From honor roll to on-a-roll, recent grads put in the miles for public lands
From wrangling student loans to finding a new place to live, plenty of recent graduates feel like their first months out of school are an uphill climb. But for four Minnesota women riding their bikes to public lands across the country, the uphill climb is the whole point.
Katie Ledermann, Hannah Field, Alex Benjamin, and Ariana Amini are lifelong Minnesotans and outdoorswomen. They’re friends from summer camp and their high school ski team, and though they’re young—all under 23 years old—they’ve collectively spent hundreds of days in the wilderness: paddling across lakes in the Boundary Waters, guiding rafting trips, and backpacking the Rocky Mountains. With extracurriculars like these, it’s no surprise they wanted a post-graduation trip on the wild side.
“We had all thought about riding our bikes across the country, before any obligations set in,” says Field. She biked from Seattle to Minnesota last summer and couldn’t wait to get back on the road after she graduated. “Once we decided to ride together, we knew we also wanted to do some good and get something useful out of it.”
As the four women contemplated life after college, they realized they were heading out into a world where the public lands they love are at risk—more than ever before in their lifetimes.
“Protected wildlands have been a really important part of all of our lives. With budget cuts threatened by the new administration in Washington, the review of national monuments, and the movement to transfer federal lands to state control, there are plenty of issue we can engage with,” says Field. “So we decided to make public lands the focus of our trip.”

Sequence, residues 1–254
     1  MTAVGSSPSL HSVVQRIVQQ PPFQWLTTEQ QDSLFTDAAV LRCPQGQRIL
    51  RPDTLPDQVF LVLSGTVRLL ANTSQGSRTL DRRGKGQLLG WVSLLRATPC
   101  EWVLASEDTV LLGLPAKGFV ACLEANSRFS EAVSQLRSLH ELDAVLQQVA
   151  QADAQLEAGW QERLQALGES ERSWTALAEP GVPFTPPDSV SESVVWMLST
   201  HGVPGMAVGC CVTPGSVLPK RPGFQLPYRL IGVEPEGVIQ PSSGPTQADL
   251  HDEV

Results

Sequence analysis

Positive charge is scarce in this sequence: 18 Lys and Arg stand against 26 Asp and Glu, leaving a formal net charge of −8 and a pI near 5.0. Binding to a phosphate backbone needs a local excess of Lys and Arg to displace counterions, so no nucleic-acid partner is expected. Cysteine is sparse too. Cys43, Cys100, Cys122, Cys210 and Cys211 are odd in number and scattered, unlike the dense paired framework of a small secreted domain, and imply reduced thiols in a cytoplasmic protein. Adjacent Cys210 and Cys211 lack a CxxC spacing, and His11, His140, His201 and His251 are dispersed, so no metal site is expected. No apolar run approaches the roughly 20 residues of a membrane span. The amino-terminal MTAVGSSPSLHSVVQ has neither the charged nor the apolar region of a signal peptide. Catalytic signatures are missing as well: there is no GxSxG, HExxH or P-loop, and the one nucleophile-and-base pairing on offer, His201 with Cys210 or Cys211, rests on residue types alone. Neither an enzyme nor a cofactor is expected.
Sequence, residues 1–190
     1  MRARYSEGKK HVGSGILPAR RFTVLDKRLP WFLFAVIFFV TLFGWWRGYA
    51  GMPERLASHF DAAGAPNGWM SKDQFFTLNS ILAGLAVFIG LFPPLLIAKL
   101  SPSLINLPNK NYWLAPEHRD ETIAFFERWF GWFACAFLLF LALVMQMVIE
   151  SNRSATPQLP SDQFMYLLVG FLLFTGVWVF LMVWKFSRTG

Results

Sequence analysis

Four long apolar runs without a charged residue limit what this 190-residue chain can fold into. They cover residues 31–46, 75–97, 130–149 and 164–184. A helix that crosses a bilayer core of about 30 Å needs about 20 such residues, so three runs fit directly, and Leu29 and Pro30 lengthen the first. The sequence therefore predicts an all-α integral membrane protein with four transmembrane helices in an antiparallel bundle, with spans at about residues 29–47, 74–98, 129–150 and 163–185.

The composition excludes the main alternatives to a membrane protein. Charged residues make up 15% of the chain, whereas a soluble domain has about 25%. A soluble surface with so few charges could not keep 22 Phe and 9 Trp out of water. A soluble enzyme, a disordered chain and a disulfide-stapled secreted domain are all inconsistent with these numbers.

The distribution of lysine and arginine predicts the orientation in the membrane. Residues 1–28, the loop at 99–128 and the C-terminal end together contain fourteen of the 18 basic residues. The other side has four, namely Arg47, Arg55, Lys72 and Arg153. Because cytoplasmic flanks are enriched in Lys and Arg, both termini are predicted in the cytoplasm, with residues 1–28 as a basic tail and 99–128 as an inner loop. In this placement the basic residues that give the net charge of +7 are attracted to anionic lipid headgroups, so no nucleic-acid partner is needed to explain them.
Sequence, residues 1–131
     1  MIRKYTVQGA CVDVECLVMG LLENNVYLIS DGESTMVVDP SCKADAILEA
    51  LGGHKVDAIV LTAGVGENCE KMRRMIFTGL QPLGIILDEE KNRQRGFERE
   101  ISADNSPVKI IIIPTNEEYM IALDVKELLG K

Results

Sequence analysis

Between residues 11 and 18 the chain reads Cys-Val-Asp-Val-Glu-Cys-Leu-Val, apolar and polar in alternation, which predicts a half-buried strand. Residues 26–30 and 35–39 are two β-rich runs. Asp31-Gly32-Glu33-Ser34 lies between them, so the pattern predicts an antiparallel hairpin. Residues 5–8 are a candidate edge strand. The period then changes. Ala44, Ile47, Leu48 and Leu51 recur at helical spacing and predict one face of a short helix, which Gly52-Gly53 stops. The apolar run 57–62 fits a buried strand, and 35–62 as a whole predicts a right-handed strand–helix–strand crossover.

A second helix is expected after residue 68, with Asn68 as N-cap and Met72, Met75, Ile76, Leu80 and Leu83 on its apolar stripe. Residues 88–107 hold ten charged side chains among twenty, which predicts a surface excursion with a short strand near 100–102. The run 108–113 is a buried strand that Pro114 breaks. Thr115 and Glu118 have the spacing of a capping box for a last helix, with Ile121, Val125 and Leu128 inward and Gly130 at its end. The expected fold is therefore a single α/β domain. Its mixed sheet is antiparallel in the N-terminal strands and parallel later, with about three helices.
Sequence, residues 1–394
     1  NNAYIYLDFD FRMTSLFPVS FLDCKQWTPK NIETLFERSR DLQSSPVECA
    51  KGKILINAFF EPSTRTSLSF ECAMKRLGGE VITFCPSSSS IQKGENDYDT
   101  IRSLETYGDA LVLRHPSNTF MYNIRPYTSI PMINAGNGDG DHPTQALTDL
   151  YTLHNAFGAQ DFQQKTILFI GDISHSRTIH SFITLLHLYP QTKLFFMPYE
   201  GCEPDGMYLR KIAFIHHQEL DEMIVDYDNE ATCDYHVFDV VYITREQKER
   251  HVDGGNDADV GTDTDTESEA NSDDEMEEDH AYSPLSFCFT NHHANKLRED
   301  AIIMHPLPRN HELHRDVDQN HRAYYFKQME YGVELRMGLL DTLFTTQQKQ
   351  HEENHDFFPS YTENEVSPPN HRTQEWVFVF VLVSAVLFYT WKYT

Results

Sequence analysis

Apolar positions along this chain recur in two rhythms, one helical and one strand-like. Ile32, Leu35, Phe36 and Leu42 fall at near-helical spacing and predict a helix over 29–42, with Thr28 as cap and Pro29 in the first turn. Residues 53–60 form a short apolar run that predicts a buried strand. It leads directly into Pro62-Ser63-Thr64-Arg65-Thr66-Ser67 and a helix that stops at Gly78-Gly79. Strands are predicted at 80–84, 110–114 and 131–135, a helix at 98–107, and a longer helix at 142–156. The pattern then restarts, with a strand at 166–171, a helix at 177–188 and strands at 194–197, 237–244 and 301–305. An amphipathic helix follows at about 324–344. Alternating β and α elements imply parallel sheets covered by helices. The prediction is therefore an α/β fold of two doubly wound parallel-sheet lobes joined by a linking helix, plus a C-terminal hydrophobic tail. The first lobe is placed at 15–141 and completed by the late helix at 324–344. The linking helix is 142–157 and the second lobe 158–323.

They’re calling themselves Women on Wheels for Wild Lands, and by the time they reach the Atlantic Ocean at Columbia, South Carolina, sometime this December, they’ll have ridden their bikes—each loaded with as much as 60 pounds of gear and food—5,340 miles through 12 states. They’ve chosen an ambitious, mountainous route designed to take them to and through as much public land as possible. Along the way, they’ll meet with local conservationists, land managers, biologists, ranchers, outfitters, and elected officials—not to mention hikers, anglers, hunters, and fellow cyclists.
“We’ll interview as many people as possible who have something to say about public land, wherever we are,” says Field. The women plan to film and write about the parks they visit—and share what they learn about the state of public lands in each place on their blog.
After conquering the mountains of Nevada last week, the team crossed into the mesas and canyons of southern Utah. There, they plan to visit jewels of the national park system like Zion and Canyonlands, as well as newer national monuments like Grand Staircase-Escalante and Bears Ears—the focus of the recent review of sites protected under the Antiquities Act. “Utah will be interesting. In the debate over public land, it seems like the biggest battleground in the country,” says Field. She and her friends hope to get to the heart of the action, looking to meet environmentalists, ranchers, and energy developers. “We’re coming from a place of wanting to defend wildlands, but we want to understand a range of perspectives,” she says.
Field admits that balancing the physical and logistical hurdles of a self-supported cross-country bike trip with a mission to learn and educate others about public lands is a challenge. “But it’ll also give us lots of opportunities to problem-solve, which is something I’m most excited for,” she says. “We’re fixing our own bikes, setting our own meetings, keeping our own schedules, dealing with issues as they come up. It’s a good thing my teammates are all such strong, capable, competent people.”
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